While little known, the Dominican Republic’s dishes are a fascinating blend of its multiple cultures, from African, Taino, and European to influences from immigrants who settled in the DR from the Middle East, Asia, and the Mediterranean. This has led to significant contributions to the gastronomy scene. You’ll taste Caribbean rice and beans to uniquely Dominican dishes such as mangu and sancocho. Here are 10 specialties you must try while in the Dominican Republic.
Often on the menu as a side and one of the most commonly found fried snacks in the Dominican Republic, tostones are deep-fried plantains. The plantains are flattened after taking them out of the frying pan, making them soft on the inside but crunchy on the outside. Spray on lots of ketchup and mayonnaise like locals, and enjoy. You’ll find tostones sold roadside as well as in Dominican restaurants and resorts, sold alongside fried chicken and other meats.
Another authentic Dominican dish you should try is sancocho—rich, hearty meat and root vegetable stew made of beef, pork, chicken, yucca, yam, potatoes, among other ingredients. It’s often prepared as a family for special occasions, including on New Year’s Eve. A bowl of sancocho is served with a small side plate of rice and avocado slices. Petrus has it daily, in the Colonial City, and you’ll find it occasionally served at Dominican restaurants around the country, particularly in the December and January period when the weather is cooler, and families gather for the holidays.
If Puerto Ricans have mofongo, then Dominicans have mangú. This quintessential, African-influenced dish consists of a mound of mashed green plantains, topped with sauteed red onions in a vinegar sauce. The plantains are first peeled and boiled, then ground together into a delicious soft mash. This dish is popular for breakfast, along with a side of fried eggs, fried salami, and fried cheese, known as “los tres golpes” or the three hits. Mangu is also consumed at dinner in many households. While in the Dominican Republic, you’ll find mangu served as part of the breakfast buffet at resorts and hotels countrywide, in addition to local restaurants. For restaurants, try the mangu at Hermanos Villar or Buen Provecho in Santo Domingo.
La Bandera Dominicana
Considered the traditional dish of the Dominican Republic and consumed mostly at lunchtime, la bandera Dominicana or “the Dominican flag” consists of a plate of rice and beans, with stewed chicken or beef and a side potato or pasta salad, as well as the occasional slice of fried sweet plantain. This ubiquitous dish is also called “plato del dia” in local restaurants. The beans can vary, from red beans to pigeon peas or “guandules and beef, fish or pork can also be the meat, depending on the day and restaurant. There’s no bad spot to have a plate of rice and beans in the DR, and it’s the one dish you’ll have no trouble finding. In Santo Domingo, head to Villar Hermanos or Cafe Mimosa for lunch.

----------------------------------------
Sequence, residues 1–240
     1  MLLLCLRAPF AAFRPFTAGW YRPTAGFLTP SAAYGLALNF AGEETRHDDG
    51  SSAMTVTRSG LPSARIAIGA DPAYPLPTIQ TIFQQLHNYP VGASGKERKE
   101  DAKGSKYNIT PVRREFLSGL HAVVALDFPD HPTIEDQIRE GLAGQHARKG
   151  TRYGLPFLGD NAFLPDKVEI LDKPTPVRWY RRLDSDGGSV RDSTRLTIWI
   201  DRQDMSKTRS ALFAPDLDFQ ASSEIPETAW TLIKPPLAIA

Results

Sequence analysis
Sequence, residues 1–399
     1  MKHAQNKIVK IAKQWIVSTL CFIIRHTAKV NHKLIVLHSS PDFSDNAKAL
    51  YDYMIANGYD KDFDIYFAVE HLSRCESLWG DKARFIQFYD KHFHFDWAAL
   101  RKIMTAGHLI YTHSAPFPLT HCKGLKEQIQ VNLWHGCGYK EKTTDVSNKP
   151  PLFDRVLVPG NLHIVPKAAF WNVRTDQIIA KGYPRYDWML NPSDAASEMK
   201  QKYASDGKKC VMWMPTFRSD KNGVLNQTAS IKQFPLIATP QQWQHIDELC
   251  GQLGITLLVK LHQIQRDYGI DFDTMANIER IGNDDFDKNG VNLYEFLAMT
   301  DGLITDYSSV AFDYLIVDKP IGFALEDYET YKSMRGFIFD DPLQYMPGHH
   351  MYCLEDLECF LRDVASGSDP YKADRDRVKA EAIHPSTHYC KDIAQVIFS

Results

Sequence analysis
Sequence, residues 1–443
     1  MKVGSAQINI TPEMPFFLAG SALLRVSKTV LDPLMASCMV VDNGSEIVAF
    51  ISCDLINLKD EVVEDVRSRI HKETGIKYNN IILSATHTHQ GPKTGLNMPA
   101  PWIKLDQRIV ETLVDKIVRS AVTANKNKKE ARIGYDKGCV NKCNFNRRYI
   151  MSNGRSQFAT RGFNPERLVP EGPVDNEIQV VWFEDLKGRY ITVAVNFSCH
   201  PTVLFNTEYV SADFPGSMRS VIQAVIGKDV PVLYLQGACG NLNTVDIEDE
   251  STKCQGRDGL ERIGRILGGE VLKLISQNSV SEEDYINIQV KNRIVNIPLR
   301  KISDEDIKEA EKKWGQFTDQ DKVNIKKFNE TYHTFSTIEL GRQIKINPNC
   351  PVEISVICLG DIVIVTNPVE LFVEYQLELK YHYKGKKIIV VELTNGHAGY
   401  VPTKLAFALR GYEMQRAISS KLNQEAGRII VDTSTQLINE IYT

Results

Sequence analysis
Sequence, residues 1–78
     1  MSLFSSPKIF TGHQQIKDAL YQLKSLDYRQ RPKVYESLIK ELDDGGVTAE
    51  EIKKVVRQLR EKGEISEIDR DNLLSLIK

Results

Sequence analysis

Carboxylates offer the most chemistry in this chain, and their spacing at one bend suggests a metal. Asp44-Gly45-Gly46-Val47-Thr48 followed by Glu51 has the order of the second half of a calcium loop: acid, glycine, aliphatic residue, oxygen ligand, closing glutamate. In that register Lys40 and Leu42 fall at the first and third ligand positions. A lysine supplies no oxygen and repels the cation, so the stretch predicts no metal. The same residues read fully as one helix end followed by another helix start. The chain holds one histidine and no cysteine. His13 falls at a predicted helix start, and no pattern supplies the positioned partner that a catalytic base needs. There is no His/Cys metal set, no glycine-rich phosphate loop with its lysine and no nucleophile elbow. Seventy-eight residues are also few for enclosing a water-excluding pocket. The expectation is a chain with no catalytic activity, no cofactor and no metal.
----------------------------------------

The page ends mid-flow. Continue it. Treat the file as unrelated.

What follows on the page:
Chicharrón or Pica Pollo
Fried pork rinds are so popular that they’re considered a delicacy, sold streetside and in restaurants by the pound. Some of the best chicharron can be found in Santo Domingo and Puerto Plata’s restaurants. If you’re not a pork eater, sample the Dominican fried chicken or pica pollo—seasoned with oregano, garlic and lime, and deep-fried. Not everyone can stomach these fatty, greasy fried meats, so choose your streetside vendor carefully and opt for a restaurant version when possible.
Traditional drinks are just as symbolic in the Dominican Republic as food is. You’ll understand after you sample a morir soñando, a batida (milkshake) made of orange and condensed milk. This frozen drink not only cools you off; it could quickly fill you up on its own. Another favorite is made with chinola or passion fruit, as abundant in the country as oranges.
Pasteles en Hoja
A Christmas specialty, pasteles en hoja are like a Dominican version of tamales. Made with plantain dough, stuffed with meats or vegetables, they're then wrapped with a green plantain leaf. You will find these sold at select pastry shops or by asking locals where to get it, especially during the December season. In Santo Domingo, a variety of cafes and pastry shops offer it, including Hermanos Villar and Maria La Turca.
The Dominican version of empanadas are made with cassava flour and stuffed with beef, chicken, lobster, conch, or shrimp, among other options. The most popular catibias are served as appetizers at the renowned Meson D’Bari, once visited by the late Anthony Bourdain.
A popular late-night snack food, yaroa is a delicious mound of seasoned ground beef, layered with potato fries and topped with melted cheese. This Dominican lasagna of sorts is a great way to soak up the alcohol. Top it off with mayonnaise and ketchup and enjoy. You’ll find yaroa served from food trucks around the city’s nightspots. Some local restaurants also offer it on the menu. In Santo Domingo, one of my favorite yaroas is at the small Fabrica Contemporanea restaurant.
Habichuelas con Dulce
A dish revered by Dominicans, habichuela con dulce is a sweet bean dessert, served primarily during Easter Week. It’s said to have been brought to the Dominican Republic from southeast Asia, but its origins remain unclear. Ingredients making up this unique dessert are coconut milk, condensed milk, boiled red kidney beans, cinnamon, sugar, vanilla, cloves, salt, and raisins. The entire mix is made in a large pot, then served cool and garnished with cookies.
It is customary for neighbors and families to share their versions of homemade habichuelas con dulce all weekend. You must try it if you’re visiting the DR during Easter Week or at your resort if you’re lucky. You’ll find it and many other typical Dominican desserts, from cakes to glazed fruits, at Dulceria Maria La Turca in Santo Domingo, or any pastry shop in the country.